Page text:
“I don’t think we should run around trying to love somebody who doesn’t love us.”
Malcolm X, February, 1965.
Like Christianity, many African-American Muslims find their religious histories rooted in Africa. In all of the readings, there are links to Africa. Though they varied, depending on the branch. For Nation of Islam, seeing the black man as the “original man” is instrumental to the faith. Also within this “black consciousness movement” are the ideas of “Yacub’s History” seen in both the Curtis essay and in the words of Malcolm X. In Malcolm X’s later speech, after his conversion to orthodox Islam from Nation of Islam, he said there were “four different types of people in the Western Hemisphere who all have Africa as common heritage.”
There are an estimated 660,000 – 825,000 African-American Muslims (~23%) in the United States. Predominantly, they practice Sunni Islam (orthodox). There are also those that follow teachings of the Nation of Islam, the Moorish Science Temple of America, the Five-Percent Nation, the United Nation of Islam, and Ahmadiyya. Muslims in the United States are diverse. African-American Muslims, specifically, have “constructed what is ultimately an imagined communal identity…this is dynamic, not stable; negotiated, not given” (Curtis, 661). We’ve also discussed the idea of identity, and using Africa as an identity-marker, but some Muslims decided to use their religion as their first identifier: “Islam solves the identity crisis.” The idea is that religion is so powerful it is the only thing needed, because it’s all that God asks of you.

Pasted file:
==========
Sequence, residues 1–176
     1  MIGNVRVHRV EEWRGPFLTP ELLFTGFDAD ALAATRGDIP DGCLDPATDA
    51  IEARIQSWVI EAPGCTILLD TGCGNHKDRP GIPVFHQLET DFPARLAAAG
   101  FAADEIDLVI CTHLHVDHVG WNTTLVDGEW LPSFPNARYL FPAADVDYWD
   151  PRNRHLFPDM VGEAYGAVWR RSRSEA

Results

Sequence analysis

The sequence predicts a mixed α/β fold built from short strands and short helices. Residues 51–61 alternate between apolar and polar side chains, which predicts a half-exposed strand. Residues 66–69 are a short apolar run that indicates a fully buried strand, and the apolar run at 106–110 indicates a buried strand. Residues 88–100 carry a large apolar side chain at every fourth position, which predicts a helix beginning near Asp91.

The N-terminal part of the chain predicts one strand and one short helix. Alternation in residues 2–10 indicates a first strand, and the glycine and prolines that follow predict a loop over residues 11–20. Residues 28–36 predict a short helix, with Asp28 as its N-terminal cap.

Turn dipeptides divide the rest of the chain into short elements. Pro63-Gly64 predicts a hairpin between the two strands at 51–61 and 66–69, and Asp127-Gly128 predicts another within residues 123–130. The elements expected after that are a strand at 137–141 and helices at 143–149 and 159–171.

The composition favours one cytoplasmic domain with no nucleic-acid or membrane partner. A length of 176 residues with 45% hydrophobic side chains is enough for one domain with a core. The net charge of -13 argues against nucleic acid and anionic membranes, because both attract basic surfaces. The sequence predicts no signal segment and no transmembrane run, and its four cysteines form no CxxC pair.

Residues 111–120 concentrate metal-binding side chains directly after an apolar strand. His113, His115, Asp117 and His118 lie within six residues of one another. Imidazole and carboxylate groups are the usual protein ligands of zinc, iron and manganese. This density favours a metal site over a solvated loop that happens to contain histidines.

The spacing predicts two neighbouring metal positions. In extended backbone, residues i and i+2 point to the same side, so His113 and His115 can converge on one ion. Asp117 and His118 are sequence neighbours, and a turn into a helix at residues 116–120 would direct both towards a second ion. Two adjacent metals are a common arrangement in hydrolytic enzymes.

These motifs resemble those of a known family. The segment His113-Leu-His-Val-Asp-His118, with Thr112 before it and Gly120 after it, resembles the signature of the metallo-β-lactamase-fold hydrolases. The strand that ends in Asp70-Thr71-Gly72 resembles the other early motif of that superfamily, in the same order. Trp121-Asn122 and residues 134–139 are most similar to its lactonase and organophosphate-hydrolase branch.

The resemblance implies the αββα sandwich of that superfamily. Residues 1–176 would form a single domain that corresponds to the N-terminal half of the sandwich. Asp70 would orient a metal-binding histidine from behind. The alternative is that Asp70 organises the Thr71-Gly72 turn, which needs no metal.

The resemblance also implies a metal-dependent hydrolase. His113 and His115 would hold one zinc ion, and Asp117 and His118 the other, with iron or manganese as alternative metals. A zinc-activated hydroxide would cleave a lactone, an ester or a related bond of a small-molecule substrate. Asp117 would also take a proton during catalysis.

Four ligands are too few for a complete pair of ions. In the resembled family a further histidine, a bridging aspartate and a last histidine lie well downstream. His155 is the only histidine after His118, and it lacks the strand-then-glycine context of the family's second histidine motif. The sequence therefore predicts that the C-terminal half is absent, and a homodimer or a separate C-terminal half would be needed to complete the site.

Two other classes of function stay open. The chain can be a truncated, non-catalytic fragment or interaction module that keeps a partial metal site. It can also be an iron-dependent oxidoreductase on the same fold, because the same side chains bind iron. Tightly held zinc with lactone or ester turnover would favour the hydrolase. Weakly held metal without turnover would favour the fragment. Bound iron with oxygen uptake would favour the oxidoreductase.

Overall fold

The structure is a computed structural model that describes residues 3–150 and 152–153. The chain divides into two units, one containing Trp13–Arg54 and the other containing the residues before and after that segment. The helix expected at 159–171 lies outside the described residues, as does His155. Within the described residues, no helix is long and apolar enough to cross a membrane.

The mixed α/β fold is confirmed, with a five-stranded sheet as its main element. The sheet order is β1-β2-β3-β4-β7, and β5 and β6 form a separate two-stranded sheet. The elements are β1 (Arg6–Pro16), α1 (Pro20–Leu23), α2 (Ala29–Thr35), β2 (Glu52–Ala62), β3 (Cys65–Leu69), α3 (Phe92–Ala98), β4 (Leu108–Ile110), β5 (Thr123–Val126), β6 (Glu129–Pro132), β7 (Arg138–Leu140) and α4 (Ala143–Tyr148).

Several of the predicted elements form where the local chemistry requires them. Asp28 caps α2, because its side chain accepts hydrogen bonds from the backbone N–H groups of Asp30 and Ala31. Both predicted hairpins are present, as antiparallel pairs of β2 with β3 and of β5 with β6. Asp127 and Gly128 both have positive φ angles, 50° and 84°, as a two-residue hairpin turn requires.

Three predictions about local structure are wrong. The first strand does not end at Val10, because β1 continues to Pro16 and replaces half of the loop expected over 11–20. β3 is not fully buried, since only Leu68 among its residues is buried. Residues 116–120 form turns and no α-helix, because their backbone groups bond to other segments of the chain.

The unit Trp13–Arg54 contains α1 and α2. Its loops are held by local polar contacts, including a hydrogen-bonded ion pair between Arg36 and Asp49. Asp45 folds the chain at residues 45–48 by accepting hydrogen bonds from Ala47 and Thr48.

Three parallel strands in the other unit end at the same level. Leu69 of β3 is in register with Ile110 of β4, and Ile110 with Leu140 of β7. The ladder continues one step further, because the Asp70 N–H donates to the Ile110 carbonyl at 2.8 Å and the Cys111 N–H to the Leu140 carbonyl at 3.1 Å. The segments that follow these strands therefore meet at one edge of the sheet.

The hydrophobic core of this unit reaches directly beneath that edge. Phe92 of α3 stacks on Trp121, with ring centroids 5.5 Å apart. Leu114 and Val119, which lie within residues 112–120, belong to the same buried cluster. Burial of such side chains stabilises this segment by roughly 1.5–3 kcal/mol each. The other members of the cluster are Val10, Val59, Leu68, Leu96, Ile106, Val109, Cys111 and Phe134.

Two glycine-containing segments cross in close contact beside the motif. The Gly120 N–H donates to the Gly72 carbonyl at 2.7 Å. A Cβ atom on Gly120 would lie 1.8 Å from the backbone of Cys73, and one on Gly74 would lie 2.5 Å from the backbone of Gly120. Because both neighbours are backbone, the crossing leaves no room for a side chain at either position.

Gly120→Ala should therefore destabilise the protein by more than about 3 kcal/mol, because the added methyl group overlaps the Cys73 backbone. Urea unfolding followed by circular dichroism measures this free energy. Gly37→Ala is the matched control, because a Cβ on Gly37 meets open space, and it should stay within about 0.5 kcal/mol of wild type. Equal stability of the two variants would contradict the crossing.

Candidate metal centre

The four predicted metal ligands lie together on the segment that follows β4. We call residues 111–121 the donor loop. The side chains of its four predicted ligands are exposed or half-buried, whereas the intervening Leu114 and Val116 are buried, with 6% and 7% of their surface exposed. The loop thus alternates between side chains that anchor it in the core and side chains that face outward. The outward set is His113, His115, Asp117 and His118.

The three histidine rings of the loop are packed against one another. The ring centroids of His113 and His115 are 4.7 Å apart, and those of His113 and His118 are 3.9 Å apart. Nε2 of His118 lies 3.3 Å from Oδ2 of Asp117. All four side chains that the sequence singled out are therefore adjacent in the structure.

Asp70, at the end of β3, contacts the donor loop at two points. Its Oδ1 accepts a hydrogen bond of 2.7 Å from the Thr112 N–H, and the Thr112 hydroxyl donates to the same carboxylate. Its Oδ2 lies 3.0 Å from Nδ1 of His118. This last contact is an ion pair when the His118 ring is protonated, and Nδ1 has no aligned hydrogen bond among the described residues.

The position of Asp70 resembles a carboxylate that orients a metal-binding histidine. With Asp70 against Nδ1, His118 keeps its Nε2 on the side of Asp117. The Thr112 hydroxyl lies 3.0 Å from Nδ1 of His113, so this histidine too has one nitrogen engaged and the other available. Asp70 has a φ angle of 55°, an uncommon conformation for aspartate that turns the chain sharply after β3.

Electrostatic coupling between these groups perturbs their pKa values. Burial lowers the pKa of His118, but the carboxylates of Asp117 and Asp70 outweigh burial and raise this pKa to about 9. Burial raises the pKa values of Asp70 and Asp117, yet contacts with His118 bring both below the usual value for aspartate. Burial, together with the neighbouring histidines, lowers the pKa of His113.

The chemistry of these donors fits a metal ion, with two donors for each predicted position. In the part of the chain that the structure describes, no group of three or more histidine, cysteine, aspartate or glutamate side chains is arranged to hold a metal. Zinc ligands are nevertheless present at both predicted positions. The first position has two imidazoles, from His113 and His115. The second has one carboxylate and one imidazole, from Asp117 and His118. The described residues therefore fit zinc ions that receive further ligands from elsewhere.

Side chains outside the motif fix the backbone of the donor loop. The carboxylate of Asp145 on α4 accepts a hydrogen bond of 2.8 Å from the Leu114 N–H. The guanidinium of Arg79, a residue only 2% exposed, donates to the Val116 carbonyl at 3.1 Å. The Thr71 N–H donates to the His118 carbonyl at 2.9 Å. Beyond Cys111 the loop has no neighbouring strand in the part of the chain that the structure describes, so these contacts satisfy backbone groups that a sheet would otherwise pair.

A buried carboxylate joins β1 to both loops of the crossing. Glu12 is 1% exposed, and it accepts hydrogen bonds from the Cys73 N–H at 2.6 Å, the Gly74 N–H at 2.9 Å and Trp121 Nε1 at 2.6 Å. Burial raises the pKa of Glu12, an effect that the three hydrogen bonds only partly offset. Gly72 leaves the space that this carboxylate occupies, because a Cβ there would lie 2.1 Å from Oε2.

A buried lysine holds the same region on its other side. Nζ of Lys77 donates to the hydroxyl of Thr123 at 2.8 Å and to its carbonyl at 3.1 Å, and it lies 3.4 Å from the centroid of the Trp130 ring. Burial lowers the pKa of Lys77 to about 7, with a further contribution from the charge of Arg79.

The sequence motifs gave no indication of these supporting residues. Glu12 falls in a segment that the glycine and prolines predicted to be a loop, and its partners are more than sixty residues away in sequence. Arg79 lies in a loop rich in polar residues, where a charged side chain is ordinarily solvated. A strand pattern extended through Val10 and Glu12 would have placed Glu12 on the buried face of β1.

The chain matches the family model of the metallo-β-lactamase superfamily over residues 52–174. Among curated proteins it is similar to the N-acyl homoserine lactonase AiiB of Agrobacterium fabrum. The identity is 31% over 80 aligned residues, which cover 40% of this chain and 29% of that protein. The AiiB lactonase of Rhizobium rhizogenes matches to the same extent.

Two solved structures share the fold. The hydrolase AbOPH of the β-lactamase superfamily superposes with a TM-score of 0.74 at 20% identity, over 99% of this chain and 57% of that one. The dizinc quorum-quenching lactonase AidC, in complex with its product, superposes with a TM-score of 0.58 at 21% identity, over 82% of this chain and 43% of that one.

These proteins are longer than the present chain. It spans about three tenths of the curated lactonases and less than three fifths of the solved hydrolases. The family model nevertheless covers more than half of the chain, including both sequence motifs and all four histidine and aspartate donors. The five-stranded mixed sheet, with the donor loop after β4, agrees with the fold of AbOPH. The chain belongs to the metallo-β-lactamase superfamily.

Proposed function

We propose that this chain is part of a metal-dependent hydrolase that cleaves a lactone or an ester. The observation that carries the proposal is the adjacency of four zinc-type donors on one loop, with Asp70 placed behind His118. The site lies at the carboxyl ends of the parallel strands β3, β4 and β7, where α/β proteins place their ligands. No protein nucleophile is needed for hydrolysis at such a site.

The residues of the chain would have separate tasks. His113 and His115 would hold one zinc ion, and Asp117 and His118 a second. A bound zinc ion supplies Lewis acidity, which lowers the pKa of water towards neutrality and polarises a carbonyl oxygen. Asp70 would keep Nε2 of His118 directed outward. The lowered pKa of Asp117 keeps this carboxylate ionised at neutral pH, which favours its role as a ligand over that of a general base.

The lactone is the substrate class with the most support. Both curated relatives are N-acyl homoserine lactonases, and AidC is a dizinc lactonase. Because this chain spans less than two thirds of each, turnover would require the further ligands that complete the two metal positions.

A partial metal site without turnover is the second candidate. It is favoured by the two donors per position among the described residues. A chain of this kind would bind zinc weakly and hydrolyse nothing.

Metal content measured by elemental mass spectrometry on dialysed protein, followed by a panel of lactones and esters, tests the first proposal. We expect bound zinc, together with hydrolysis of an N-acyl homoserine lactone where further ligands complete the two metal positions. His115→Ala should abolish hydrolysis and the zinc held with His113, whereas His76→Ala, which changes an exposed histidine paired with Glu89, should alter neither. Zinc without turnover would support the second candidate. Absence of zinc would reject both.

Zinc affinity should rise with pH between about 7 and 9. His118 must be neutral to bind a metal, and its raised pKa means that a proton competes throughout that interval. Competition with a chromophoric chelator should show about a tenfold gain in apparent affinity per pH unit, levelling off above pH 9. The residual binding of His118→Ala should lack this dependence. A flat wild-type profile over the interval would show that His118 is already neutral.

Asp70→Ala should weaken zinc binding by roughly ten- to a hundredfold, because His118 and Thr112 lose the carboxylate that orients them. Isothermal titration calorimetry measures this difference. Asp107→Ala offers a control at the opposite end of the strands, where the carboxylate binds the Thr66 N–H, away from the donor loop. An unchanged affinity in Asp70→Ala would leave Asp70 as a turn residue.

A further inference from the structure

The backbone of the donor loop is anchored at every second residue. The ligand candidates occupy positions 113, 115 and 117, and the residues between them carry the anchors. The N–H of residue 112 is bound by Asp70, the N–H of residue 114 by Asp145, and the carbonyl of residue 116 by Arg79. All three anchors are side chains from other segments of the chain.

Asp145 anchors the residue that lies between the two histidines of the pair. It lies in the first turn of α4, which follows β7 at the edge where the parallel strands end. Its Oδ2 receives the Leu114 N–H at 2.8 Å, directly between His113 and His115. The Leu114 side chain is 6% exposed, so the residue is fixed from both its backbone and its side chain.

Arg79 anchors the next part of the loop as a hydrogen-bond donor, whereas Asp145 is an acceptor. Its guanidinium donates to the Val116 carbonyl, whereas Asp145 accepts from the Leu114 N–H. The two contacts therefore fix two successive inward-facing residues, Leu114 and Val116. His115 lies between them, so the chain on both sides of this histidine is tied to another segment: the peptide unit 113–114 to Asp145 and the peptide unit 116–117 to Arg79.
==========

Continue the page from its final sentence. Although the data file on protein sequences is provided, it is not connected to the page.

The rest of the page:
Last year, I went to a local mosque for a paper. While I was there, I discussed orthodox Islam with the woman I met, Aishah Hassan. I remember her telling me that in the United States, a lot of mosques have been converted from Nation of Islam places of worship to that of orthodox Islam. She made a comment along the lines that they realized they were not the “true” Islam. This could have a connection to Malcolm X’s own conversion and transformation from Nation of Islam to orthodox Islam. I’m also left wondering the connection between orthodox Islam’s history in the United States, its high concentration in the Midwest, and the origins of Nation of Islam and Moorish Science Temple in Detroit and Chicago. But at the end of the day, who are we to decide which is right and which is wrong? If it answers questions people have, gives them something to believe in, are we right to claim they are wrong for believing in it?